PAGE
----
February 25, 2022 | By Derek Carlstrom
A Professional Employer Organization (PEO) is a partner that can handle all facets of your company’s HR needs. There are hundreds of PEOs across the country, but not all are capable of providing you the highest level of service you deserve.
As you begin finding the right PEO for your organization, you may face an overwhelming feeling as you try to sort through the hundreds of options available. By asking the following five essential questions, you can narrow down your choices and ultimately find the best PEO for your business.
The Internal Revenue Service (IRS) provides for certification of a PEO, called a Certified PEO (CPEO). This process does not infer any endorsement of a PEO by the IRS, but instead shows the CPEO has undergone specific measures to assure its trustworthiness.
To gain CPEO status, a PEO needs to undergo the following steps:
When a business is successful, it usually makes that success public. A PEO is no different, and their success stories should be on their website. Many PEOs even provide in-depth case studies, showing how they helped other businesses achieve their goals while saving costs.
A case study is a great way to see the long-term benefits of working with a PEO. However, if a PEO doesn’t have any case studies, that should be a red flag. They either haven’t had much success or haven’t been around a long time. Either situation should give you pause.
Just like hiring a new employee, you should speak with references for any PEO you’re considering partnering with to help your business grow. It’s important that a PEO gives you several options for calling references. This way, you’re certain to speak with at least two who can give you honest information about what it’s like to be a partner of that particular PEO.
If a PEO refuses to give you references, that should be a big red flag. Either they are too new or they don’t think any of their clients would speak highly of them. When a PEO doesn’t have references to give you, you may want to reconsider partnering with them.
The National Association of Professional Employer Organizations (NAPEO) is a paid membership organization. They provide tools and information for PEOs to help them stay up to date on compliance and regulations.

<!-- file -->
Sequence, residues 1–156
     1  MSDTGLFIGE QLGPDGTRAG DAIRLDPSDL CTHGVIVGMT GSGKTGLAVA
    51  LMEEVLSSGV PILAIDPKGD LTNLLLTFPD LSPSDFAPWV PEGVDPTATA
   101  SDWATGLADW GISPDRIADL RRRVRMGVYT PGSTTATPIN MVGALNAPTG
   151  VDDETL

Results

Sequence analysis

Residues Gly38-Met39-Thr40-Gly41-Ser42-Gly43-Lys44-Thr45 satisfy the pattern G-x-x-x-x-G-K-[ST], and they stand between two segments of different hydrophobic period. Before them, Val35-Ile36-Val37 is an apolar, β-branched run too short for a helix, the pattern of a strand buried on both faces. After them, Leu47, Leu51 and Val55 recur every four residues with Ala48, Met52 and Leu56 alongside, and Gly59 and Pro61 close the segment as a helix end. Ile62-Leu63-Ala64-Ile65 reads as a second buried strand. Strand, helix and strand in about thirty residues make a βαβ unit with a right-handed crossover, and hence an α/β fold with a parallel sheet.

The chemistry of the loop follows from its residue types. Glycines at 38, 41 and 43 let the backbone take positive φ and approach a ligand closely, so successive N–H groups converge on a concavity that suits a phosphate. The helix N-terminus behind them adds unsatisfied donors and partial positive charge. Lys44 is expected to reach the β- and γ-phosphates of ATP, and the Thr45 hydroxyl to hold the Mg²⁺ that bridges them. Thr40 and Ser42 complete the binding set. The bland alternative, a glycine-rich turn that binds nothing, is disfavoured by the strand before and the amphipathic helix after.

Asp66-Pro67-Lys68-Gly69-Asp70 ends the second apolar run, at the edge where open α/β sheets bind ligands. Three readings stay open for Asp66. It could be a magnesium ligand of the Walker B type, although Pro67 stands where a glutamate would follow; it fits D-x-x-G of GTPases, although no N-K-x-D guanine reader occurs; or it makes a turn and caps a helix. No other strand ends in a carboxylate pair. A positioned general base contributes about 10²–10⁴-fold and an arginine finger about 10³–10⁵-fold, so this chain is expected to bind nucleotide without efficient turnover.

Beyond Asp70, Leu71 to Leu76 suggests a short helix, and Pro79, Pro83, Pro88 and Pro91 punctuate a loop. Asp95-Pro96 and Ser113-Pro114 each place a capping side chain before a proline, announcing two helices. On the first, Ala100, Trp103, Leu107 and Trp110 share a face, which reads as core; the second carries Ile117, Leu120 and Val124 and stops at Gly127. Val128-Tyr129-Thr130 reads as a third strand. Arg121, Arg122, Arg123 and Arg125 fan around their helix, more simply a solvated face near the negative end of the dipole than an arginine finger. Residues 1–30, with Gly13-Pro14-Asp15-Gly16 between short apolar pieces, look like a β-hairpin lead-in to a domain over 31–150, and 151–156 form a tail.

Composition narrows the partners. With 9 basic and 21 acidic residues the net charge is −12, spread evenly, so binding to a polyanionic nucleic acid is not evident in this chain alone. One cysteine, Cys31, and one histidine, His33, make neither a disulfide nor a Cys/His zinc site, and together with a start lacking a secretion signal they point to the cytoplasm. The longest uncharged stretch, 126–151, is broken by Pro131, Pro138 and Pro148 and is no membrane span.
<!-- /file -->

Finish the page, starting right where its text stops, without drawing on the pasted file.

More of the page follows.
When a PEO is a member of the NAPEO, it shows they are engaged in the industry and take their role as a PEO seriously. They’re investing in their business to help keep businesses like yours at the top of their game.
Price transparency is one of the keys to finding a PEO you trust. PEOs use different pricing models. Some charge a percentage of payroll, which can serve as a deterrent to hiring new employees and giving raises because the more your payroll rises, the more you pay. Other PEOs charge flat rates but be careful because many PEOs will add on administrative charges.
Pay attention to the type of pricing model a PEO uses, as some may even try to bait and switch. Others may have such a confusing pricing model, you’re just not sure what you’re paying for and what you get in return.
Also, keep an eye on exit protocols. While you may hope a PEO takes care of your needs for a long time, your business needs may change, and you may need to rethink your partnership. How easy is it for you to leave a PEO? Some may try to keep you locked in for a long time. But a good and trustworthy PEO won’t try to lock you in but should be able to rely on their strength of services to keep you as a customer.
A trustworthy PEO will answer all five questions above in a satisfactory manner. They’ll be able to provide you with good references, show you quality case studies, give you a pricing model you understand and works with your budget, all while saving you money.
When choosing between PEOs that correctly answer all five questions, look at how flexible the PEO offerings are and whether they provide the services you need within your budget.
Do they give you a one-size-fits-all solution or one specifically designed to fit the unique needs of your company? Are they willing to work with you and give you flexible service offerings?
Don’t check your common sense at the door. Trust your gut. If something feels off, it probably is, and you should look elsewhere. Ultimately, the most critical trait for a PEO is trust. Everything else is secondary.
Derek is the Vice President of Sales Growth. He is a proactive leader with refined business acumen and exemplary people skills. He has progressive experience in sales leadership with the skills to drive business growth, capitalize on new revenue potential, and execute proper territory maximization